5 Considerations in Deciding Whether to Buy Long-Term Care Insurance

Daniel Penzing
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The Factors in Buying Long-Term Care Insurance

Your Net Worth

If you are extremely wealthy, you may not have much to lose if you can't pay your personal medical expenses. For most people, though, they have already heaped up a great deal of debt on homes and cars. The sudden onset of illness could burn through the money they have budgeted for their children's education. This would prevent them from paying for college or help them later on. Long-term care insurance could help your family as well. If the insurance does not pay for your medical care or helps to defray expenses, it may help to keep your health crisis from becoming a financial crisis as well. The amount of assets that you have and your net worth will be one of the first factors that you will take a look at.

Spouse's Financial Security

To gauge the financial consequences of end-of-life medical expenses, it's most helpful to look at your family's income and expenses as a percentage of your overall annual income.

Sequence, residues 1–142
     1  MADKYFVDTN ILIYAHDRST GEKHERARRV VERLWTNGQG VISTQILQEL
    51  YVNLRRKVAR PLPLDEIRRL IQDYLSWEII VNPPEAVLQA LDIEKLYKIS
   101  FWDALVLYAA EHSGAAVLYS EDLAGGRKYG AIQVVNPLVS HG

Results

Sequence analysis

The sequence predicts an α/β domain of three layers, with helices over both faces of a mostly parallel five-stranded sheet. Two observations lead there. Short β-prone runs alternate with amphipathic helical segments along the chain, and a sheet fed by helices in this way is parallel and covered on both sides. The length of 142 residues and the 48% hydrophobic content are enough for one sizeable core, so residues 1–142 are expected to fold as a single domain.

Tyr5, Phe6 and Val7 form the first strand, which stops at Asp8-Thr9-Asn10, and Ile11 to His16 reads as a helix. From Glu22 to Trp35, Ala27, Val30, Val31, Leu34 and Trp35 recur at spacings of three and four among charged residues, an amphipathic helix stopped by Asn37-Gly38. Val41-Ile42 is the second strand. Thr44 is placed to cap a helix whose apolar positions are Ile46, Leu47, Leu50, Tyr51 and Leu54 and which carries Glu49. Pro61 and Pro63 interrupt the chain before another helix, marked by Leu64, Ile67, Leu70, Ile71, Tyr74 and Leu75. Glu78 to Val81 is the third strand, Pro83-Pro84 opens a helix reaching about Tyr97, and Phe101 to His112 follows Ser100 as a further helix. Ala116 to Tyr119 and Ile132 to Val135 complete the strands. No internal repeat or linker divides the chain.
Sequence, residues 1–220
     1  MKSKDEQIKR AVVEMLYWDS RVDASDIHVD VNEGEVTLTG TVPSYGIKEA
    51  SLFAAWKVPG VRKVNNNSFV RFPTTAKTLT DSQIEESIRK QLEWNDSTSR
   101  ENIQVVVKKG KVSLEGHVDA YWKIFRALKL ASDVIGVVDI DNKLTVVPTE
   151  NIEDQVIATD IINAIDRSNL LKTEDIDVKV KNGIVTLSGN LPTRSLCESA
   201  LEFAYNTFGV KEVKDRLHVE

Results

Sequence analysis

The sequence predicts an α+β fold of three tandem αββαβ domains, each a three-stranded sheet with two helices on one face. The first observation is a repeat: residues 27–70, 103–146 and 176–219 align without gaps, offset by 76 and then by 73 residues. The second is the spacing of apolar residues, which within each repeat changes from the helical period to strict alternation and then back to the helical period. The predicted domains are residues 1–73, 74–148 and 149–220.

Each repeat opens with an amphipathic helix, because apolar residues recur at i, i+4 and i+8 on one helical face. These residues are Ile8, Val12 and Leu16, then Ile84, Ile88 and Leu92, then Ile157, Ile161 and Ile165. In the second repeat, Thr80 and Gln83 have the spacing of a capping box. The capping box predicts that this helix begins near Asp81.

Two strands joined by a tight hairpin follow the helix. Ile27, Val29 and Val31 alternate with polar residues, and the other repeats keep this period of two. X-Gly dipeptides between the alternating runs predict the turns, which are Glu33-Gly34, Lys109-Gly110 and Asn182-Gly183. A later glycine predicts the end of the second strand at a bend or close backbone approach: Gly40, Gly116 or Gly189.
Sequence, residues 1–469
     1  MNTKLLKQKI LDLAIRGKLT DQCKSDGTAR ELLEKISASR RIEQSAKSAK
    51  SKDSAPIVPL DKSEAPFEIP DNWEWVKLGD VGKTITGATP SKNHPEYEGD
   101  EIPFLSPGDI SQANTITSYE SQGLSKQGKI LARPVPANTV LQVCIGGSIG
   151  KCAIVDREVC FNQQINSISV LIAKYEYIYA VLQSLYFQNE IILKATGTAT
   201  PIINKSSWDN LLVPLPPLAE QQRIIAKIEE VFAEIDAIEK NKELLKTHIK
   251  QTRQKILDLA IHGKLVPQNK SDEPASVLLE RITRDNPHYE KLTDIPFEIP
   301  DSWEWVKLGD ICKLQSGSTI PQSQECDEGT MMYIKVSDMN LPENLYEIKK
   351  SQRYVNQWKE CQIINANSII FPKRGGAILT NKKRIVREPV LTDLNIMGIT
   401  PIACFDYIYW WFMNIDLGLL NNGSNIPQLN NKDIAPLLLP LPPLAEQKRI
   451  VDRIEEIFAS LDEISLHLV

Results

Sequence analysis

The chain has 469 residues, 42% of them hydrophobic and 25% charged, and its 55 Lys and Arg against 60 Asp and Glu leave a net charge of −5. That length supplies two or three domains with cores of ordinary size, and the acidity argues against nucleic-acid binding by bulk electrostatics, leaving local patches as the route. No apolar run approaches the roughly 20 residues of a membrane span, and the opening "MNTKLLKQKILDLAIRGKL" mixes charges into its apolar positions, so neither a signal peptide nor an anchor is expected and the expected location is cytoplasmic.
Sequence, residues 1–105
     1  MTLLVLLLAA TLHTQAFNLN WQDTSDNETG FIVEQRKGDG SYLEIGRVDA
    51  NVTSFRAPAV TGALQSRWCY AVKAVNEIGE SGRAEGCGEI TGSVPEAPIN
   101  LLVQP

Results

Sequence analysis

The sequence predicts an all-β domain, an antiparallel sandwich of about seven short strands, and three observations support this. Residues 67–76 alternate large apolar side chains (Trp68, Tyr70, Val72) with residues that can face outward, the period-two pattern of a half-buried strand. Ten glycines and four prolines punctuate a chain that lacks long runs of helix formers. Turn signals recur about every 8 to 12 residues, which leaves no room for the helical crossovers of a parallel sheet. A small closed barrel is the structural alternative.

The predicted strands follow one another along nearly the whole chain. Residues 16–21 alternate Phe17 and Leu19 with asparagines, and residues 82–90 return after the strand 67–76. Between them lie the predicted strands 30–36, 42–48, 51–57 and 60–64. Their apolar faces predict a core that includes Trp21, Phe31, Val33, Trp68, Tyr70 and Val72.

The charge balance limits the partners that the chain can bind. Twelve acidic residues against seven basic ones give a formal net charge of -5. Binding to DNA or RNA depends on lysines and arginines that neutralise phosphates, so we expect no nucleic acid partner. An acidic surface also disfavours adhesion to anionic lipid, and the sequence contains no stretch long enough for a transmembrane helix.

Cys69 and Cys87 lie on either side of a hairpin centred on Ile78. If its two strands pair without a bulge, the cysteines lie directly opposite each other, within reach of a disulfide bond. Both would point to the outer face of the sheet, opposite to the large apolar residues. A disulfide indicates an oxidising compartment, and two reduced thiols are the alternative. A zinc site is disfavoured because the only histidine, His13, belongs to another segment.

While you may be able to buy some coverage in the form of a rider on your life insurance to cover the expenses you might face, you generally can't rely on just your own life insurance policy to provide for your family if the worst should happen to you.

Medicare is gradually being phased in to cover some expenses, but there are still many uncovered expenses, such as nursing homes, skilled-nursing care, rehabilitation services, and prescription drugs.

Can you face the prospect of leaving your spouse without health care coverage to pay for the costs of long-term care? Or, in the future, would you consider selling their assets, or some of your own, to pay for your long-term care?

How would your spouse manage financially without your income to rely on? If your spouse works, his or her earnings no doubt supplement yours, and that represents a built-in safety net that comes with the support of a partner who earns a salary.

If you have a pre-existing medical condition, would your spouse be better off with the protections of long-term care insurance, or without?

Wanting to Leave an Inheritance

Long-Term Care Insurance (LTCI) is not purchased today by a lot of people. Why? People for the most part do not plan on developing a chronic condition that would require them to receive LTCI in the future.

However, if you’re caring for an aging parent or a grandparent, it’s an investment that you should consider before it’s too late. In fact, with life expectancy increasing each day, it’s an investment that you should consider for yourself before it’s too late.

It took me a little while to accept the fact that one day I’m going to need long-term care. (I’m not going to lie.)

But my future seems a lot more certain when I think of my mother’s future. My daughter is only 10 years old, and I don’t want her and her parents to think about my care when they get older.

Getting the Care You Need